I write out at least three behavior or actions that my employee is doing well and that I want them to continue doing. Specifically focus on behaviors and actions. Try to avoid counseling them on personal qualities. Different people have different understandings of personal qualities (loyalty can mean drastically different things to some people; work ethic can mean working longer than everyone else or using hours more efficiently to others). Actions are specific and measurable. I can change actions, but most of your people won’t believe they can change something about who they are… plus telling someone to change something about who they are can be insulting.

*For more info on how the words you use can impact your employees mindset, check out my previous post on “How to Build Intrinsic Motivation.

Areas of Improvement

Again write out at least three behavior or actions that you want your employee to improve. What do you really need them to work on to increase their efficiency? Are they doing something that is negatively impacting the work environment? Address only the most important areas of improvement, if you give your employee too much to work on they likely won’t improve as much as if your simply gave them a limited scope of actions to improve on.


Write out the coaching/feedback, email a digital copy or give your employee a physical copy to review before you sit down and discuss the review. Once you have given them time to review the feedback, meet with your employee and talk to them about what you wrote. Elaborate on the content, if they don’t understand what you meant in your written version or want to know more about what you wrote.

I always make a point to ask if my employees agree with my assessment and if they believe it is fair. If your company does formal work performance reviews that impact promotion, there better not be anything negative on the work performance that the employee wasn’t already counseled on. Your people need time to work on improving their performance. You, as a leader, are responsible for making sure your people you where they need to improve. Their formal performance review (that impacts promotion) is the wrong time for them to find out that you were unsatisfied with their performance.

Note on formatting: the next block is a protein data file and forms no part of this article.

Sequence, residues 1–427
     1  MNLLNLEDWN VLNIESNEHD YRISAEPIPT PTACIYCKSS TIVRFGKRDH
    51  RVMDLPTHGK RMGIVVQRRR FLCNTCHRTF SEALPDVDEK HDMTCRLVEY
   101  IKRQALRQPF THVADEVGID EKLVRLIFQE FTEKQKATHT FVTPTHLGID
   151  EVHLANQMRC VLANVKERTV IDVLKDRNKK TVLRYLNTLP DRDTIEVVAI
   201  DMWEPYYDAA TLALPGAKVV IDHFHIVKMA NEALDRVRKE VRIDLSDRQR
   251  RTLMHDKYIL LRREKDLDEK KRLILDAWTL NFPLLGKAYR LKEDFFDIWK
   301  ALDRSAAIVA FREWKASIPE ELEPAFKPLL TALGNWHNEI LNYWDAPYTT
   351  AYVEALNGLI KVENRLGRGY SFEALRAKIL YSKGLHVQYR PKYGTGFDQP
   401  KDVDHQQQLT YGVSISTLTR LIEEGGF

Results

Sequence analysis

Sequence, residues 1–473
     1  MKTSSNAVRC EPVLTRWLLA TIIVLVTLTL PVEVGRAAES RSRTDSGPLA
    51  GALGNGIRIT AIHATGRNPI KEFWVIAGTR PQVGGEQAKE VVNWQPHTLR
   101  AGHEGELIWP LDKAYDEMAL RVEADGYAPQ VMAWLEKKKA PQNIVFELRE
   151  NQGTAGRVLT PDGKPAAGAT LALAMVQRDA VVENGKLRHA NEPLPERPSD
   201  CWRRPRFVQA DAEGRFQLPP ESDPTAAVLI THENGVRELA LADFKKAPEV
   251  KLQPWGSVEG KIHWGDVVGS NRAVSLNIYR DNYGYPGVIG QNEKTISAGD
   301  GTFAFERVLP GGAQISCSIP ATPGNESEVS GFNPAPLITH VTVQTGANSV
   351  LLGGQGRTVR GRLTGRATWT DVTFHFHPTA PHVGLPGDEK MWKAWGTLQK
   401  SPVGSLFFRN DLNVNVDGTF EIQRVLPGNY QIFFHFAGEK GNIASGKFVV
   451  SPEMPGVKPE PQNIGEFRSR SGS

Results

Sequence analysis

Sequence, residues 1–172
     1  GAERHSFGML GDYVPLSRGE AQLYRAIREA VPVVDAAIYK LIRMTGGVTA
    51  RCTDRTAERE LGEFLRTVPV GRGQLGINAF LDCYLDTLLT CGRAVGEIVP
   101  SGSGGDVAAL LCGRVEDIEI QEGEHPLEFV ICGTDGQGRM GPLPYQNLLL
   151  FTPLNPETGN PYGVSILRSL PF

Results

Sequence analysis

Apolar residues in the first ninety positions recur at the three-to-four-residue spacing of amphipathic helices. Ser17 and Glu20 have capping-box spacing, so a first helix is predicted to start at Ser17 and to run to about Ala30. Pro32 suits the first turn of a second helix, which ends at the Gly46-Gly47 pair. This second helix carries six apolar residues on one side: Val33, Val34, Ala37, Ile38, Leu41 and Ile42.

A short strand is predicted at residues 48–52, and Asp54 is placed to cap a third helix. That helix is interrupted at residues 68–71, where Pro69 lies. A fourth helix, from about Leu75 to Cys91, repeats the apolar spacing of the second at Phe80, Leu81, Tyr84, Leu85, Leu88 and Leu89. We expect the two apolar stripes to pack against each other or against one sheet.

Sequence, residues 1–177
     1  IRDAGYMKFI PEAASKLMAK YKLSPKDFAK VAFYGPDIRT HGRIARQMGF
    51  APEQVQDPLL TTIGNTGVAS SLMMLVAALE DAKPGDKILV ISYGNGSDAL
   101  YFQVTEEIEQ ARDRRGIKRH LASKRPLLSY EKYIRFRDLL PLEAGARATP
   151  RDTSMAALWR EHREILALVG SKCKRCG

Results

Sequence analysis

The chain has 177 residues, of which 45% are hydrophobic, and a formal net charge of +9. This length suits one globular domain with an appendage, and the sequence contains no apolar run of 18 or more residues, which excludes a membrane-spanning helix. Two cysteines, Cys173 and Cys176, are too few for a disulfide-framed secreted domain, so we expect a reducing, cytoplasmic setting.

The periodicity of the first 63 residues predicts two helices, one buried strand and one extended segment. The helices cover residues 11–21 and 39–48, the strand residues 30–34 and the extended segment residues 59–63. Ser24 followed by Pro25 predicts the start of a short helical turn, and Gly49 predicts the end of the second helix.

How often should each of your employees review performance feedback?

Depending on the type of feedback, you will conduct it on varying time intervals.

One the Spot

See something good or bad, say something on the spot. This is one of the best ways to coach your employees’ on their performance and help them improve.


Provide written informal coaching/feedback monthly to quarterly, depending on how often your organization does formal reviews. Additionally you may want to consider altering how often you do this based on the needs of your employees. Some people will want feedback more often than others.


Depending on your organization, this could be quarterly, semi-annually, or annually. Based on the timelines set by your organization, schedule and set the frequency of your informal coaching/feedback.

In summary, performance coaching and feedback is one of the best ways to develop your team. Your people deserve feedback and you owe it to them to provide timely and accurate feedback. I hope this post is helpful to you as a leader and to your team’s development.

I will share an example of an informal performance feedback in another post.

Know of a better way to provide feedback? Please share it with a comment.

3 thoughts on “A Simple Way To Do Performance Feedback/Coaching